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Hardware.
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Booster Frame.
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Bellow.
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Ribbon cable clamp, buster plug and wire lomb tube.
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Ion Arm.
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Resistors.
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HGA.
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Injector Tubs and pillars.
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PPD.
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Bumper.
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And finally a shell
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----------------------------
Now I'll start putting one together.

This pack is being built from my first defective shell. I patched it up and it looks great!

The finished pack will be donated to a local kid who is one of the biggest Ghostbusters fans I've met and really deserves a great proton pack.

I apologize for not having a more complete account of the build, but once I get going its hard to stop and think about pictures. But if you've ever read a build thread before its essentially all the same.

I'll try to better document the build of the next kit I put together.

I've replaced the Clippard tube with wire so that I cans still match color with scale. I also am using a 40 pin ribbon cable instead of a 60 Pin. Not quite 75% scale but close enough.
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Pic for scale
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Decided to get a little fancy for this kids pack and gave it aluminum handles with a rotating barrel and a spring loaded acrylic tip. The kit is designed to fit a standard PVC pipe, so I had to modify the holes with Apoxy Scult to fit the slightly smaller 1" Aluminum piping.
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Its such a beauty. I'd never guess it was from a reject shell.
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Next to a full finished pack for scale. Still needs some more work, a mother board, and alice frame, but its well on its way.
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What did I say about alice frame. ;) I think I went a little mad trying to make this. But it was well worth the effort.
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More to come soon. I'll update it again when I get more done.

Again, if you 're interested in buying one of the finished kits, see my For Sale Thread.
Kingpin, AJ Quick liked this
User avatar
By jros3484
#409964
No bs.... This is the best build I've seen in this site. Period. There are tons of incredible ones. But none calculate, miniaturize and fabricate everything like you have. Unreal. Seriously. Unreal. Go get some ice cream and celebrate.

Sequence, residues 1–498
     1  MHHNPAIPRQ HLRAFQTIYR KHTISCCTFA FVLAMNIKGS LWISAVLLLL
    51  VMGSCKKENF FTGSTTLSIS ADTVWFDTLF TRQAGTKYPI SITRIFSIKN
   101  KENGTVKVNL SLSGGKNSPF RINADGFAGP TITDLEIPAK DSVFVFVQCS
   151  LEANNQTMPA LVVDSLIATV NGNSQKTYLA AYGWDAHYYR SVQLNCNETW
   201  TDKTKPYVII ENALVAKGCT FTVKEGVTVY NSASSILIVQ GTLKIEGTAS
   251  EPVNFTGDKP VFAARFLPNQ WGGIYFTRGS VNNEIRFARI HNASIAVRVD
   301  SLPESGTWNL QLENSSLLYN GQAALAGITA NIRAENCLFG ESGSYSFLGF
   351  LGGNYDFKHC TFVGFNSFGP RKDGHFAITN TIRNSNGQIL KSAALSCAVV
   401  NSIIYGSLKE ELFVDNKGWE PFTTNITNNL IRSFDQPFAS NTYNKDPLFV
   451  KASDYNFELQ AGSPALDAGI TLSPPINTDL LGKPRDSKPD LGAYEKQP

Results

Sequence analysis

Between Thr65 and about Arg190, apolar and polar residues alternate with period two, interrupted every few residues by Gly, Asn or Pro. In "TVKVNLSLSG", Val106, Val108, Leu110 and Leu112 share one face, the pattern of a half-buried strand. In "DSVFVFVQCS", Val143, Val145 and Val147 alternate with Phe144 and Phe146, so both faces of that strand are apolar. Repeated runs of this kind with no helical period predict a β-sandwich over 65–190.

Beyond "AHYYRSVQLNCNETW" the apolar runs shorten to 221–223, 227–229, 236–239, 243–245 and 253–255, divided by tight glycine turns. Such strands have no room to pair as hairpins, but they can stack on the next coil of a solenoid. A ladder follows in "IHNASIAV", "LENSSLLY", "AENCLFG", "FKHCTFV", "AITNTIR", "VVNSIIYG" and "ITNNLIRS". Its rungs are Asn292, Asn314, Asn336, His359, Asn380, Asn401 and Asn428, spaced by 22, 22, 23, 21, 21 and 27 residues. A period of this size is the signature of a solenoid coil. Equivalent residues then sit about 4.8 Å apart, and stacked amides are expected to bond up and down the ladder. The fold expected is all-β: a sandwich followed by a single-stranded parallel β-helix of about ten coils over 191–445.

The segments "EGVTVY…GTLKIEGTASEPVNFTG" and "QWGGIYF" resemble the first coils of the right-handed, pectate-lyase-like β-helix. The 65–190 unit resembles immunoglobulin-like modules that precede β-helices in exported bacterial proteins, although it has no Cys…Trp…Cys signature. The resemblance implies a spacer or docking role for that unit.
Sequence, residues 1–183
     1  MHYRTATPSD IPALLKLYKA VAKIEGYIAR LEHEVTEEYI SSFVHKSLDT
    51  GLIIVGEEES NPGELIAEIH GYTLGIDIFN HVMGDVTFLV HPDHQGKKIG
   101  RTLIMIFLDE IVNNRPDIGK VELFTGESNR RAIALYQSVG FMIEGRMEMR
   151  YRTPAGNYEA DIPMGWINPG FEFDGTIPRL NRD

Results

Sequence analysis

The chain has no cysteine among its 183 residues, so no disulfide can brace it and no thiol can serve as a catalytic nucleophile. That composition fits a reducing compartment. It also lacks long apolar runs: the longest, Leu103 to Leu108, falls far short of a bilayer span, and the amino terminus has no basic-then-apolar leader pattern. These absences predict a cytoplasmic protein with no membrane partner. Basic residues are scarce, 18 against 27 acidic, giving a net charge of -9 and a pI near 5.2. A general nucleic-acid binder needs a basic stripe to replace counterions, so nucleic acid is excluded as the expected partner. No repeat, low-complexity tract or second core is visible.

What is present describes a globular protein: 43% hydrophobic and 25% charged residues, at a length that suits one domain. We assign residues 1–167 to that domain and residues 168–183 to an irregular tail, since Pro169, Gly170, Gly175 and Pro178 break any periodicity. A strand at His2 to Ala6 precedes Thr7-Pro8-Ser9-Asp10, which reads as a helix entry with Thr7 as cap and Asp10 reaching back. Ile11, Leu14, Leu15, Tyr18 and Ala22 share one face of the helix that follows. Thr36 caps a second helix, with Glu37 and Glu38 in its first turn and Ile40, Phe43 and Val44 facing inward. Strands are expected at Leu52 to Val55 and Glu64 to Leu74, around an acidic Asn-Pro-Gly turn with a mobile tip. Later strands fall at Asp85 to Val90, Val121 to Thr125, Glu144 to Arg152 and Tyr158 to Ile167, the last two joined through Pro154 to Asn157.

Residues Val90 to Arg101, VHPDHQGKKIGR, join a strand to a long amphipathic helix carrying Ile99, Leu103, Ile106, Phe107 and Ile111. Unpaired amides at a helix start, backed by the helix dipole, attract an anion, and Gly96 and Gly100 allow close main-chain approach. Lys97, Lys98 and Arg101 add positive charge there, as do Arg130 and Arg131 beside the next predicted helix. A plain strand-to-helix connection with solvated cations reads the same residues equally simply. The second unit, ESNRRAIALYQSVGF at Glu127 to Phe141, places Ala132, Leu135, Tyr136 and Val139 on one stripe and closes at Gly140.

By Tobot
#409978
Amazing scratch building skills! Better than a lot of full scale scratch builds.

Now offer these up in 50% 75% and 100% as kits and become a rich man ;)
User avatar
By nicopelli
#409981
My god man this thread took a minutes or so to load on my phone and I'm on 4G! Over fantastic job on this build, if I had a kid I would buy one of these kits for him in a heart beat.

Sent from my ADrR6400L using Ghostbusters Fans on Android
User avatar
By Letmebleed75
#409982
One statement......
........make shells and sell them
User avatar
By techdisaster
#410112
Incredible skill, incredible quality. Thanks so much for sharing the pics of the build process.

I'm almost ready to make a mold of the helmet I made my daughter for halloween (she wants to be a Skylander), and I don't know what materials I'll need to make the mold. Could you tell me what silicon rubber you used? I was looking at SmoothOn Mold Star? Any info on the build would be awesome.

Thanks in advance!
User avatar
By GhostbusterPM
#410126
Could you tell me what silicon rubber you used?
I live in Los Angeles, so special effects suppliers are in abundance here. The place I got mine is the FX department of a place called Nigel Beauty Supply. Here's a picture of the label of the silicone I used.

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User avatar
By GhostbusterPM
#410127
Thanks to everyone for the great compliments! If you know anyone who's looking for a pack for their lady buster or little buster please feel free to direct them to my post. I'd love to see more than just a handful of people with this pack considering the time and effort I put into it.
User avatar
By Wallabe
#410130
This build is absolutely amazing.

I especially loved the elbows. Any chance you could make a tutorial for scratch building them for the sake of making 1:1 replicas?
User avatar
By GhostbusterPM
#410196
This build is absolutely amazing.

I especially loved the elbows. Any chance you could make a tutorial for scratch building them for the sake of making 1:1 replicas?
Building the elbows was actually rather easy. The hardest part is finding plastic tube the right size. It also requires a heat gun.

I'll try and put together a tutorial in the future, but the gist of it is I took a piece of plastic tube in the proper diameter and cut the top and bottom to length. Then I sanded the slight diagonal edge where the 2 pieces meat. Then using a piece of acrylic rod, that fit in the tube, I heated it with a heat gun and bent it to 90 degrees. Then I slid the 2 pieces into place and glues it together. Then I found a brass nut at the hardware store and placed it on a threaded rod and glued it to the bottom. All that was left was taking a piece of brass tube and glue it in the top. Hope that makes sense.

When I have some time I'll try and construct another one and document the process.

The key to making anything on this build was to break the part down into its basic shapes. This ones shapes were easy because it was mostly round with straight edges and easy angles.
User avatar
By Letmebleed75
#411041
Thanks to everyone for the great compliments! If you know anyone who's looking for a pack for their lady buster or little buster please feel free to direct them to my post. I'd love to see more than just a handful of people with this pack considering the time and effort I put into it.
Trust me boss. If it wasn't for the fact in having a child in 3 weeks I'd already bought two. I'm just praying I get the chance to get 2 from ya sometime
User avatar
By GhostbusterPM
#411236
Did some work on the thrower today. I placed a yellow acrylic lens in the light graph, added switches, and decals, and placed the light caps in place.

I used a blade to score notches into the yellow lens. Then I spray painted the lens black. When the paint dried I took some steel wool and sanded the paint off, leaving just the very thin lines where I had scored the acrylic in black.

The decals, like the clippard label I printed on printable foil label paper which I got here. Labels that were not printed on foil paper were printed on glossy label paper that I got from the same site as the foil labels.

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AJ Quick liked this